The changing retail industry could make it tough for teen workers to find traditional job opportunities, but more teens are finding new ways to make money after a recent lull in youth employment.
The summer job — flipping hamburgers or working as the cashier at a local mall — is no longer a rite of passage for many teens. However, teen employment for the summer is improving lightly after a decrease in employment both locally and nationwide in recent years, a trend that started back in the 1990s.
Only about a third of teens are looking to work, according to U.S. Department of Labor data, but the summer season could help boost youth employment. As many as 6 million teens could work this summer, which is significantly less than the 10 million teens that were working back in 1978.
Employment will most likely look different for teens in coming years, shifting away from some of the traditional industries typically dominated by young workers.
“Teenagers will still have many opportunities, but they will not necessarily be in traditional retail stores,” said John Challenger, chief executive officer of Challenger, Gray & Christmas, which analyzes employment data.
A report from the Challenger, Gray & Christmas found that industries that traditionally cater to teen workers are scaling back, meaning teens might have to look in unusual places for employment. Retailers already cut more than 34,000 jobs in the first two months of the year.
“If retailers do decide to beef up hiring, it will likely be later in the summer for the back-to-school season leading up to the winter holiday season,” Challenger said. “In the meantime, teens who want summer employment should look in non-traditional areas and tap into older, employed contacts to seek out possible positions.”
Mark Anderson, workforce marketing coordinator for Montgomery County, said the retail cuts will “definitely affect younger workers.” He said the region has a serious workforce issue, and preparing teens for work in industries like manufacturing, healthcare and typical office jobs is one major way to fill the pipeline with skilled workers.
“If I were a teen, grades are important,” he said. “But you also need to get out and work in an industry you’re interested in. Get some kind of a job, and be that employee that cares.”
In 2016, only a little over half of all teens were employed in July and unemployment among youth rose by 611,000 from April to July, compared to the increase of 654,000 for the same period in 2015, according to the Bureau of Labor Statistics. The youth unemployment rate — 11.5 percent — and the number of unemployed youth — 2.6 million — in July 2016 did not change much from the previous year. Of the 2.6 million unemployed 16 to 24 years old, about 1.9 million were looking for work in July 2016.
Ben Young, co-owner of Young’s Jersey Dairy in Yellow Springs, said a majority of his employees for the summer are in high school and college, and they attract workers from Clark and Greene counties. Young said first jobs help teens grow and learn responsibility.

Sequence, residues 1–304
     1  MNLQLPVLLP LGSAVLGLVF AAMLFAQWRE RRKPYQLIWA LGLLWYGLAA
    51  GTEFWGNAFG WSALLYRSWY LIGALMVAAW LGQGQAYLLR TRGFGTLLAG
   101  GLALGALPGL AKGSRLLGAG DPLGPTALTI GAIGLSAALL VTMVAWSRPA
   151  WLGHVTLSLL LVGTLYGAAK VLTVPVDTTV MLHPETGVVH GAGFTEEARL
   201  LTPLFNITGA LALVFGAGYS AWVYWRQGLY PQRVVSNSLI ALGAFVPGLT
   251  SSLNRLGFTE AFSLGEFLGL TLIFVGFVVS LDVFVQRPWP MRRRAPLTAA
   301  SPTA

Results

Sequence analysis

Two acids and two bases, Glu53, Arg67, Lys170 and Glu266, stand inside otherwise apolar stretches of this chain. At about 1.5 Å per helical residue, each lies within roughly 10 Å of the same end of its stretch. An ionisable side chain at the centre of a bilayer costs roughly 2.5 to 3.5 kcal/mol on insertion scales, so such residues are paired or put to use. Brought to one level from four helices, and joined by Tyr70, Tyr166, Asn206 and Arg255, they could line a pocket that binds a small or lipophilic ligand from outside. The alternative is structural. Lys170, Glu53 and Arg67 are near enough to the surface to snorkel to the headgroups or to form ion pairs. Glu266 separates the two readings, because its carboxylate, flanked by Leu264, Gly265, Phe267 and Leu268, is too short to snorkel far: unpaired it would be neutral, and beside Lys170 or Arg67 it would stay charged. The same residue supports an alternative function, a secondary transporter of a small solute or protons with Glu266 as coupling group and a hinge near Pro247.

While many of those teen employees will work at Young’s Dairy throughout high school and college, they are working less. Young said teens are constantly running from work to sporting events, internships and community service.
“We’re not seeing as many employees want to work as many hours,” he said. “They seem to be so busy, and work is not as much of a priority to them.”
Some employers also think competition is impacting the number of teens they’re able to hire during the summer months. On top of community service and internship opportunities, teens simply have more options employment options to choose from.
Kings Island Amusement & Water Park had approximately 4,200 jobs open for the 2017 season, and the park is still looking to hire in all areas of park operation. Approximately 65 percent of the park’s employees are teens, according to Don Helbig, spokesman for Kings Island.
“There are a lot more job opportunities available for teens within 30 miles of the park than there was five years ago, and that makes it more challenging every year,” he said.
Emily Dyer, 18, graduates from high school this year. For the past two years, she’s been working at Young’s Dairy and now helps train new workers who come on board. By working 40 hours a week during the summer and 25 hours during the school year, she’s been able to save money for college and buy her own car.
“I think there are some people who rely on their parents too much,” she said. “It’s prepared me for college. If I hadn’t gotten this job, I wouldn’t know how to do things like balance a checkbook and I have my own bank account. I think people get things handed to them if they don’t have a job or any responsibility.”
Dyer said she plans to continue working at the dairy throughout college, and she’s thrived working busy hours and meeting new friends on the job.
“This is my life,” she said.
The Dayton Daily News is committed to reporting on retail disruption and employment issues — work made possible by your subscription. Count on us to take an in-depth look at the issues that matter most to you.
Thank you for reading the Dayton Daily News and for supporting local journalism. Subscribers: log in for access to your daily ePaper and premium newsletters.
Thank you for supporting in-depth local journalism with your subscription to the Dayton Daily News. Get more news when you want it with email newsletters just for subscribers. Sign up here.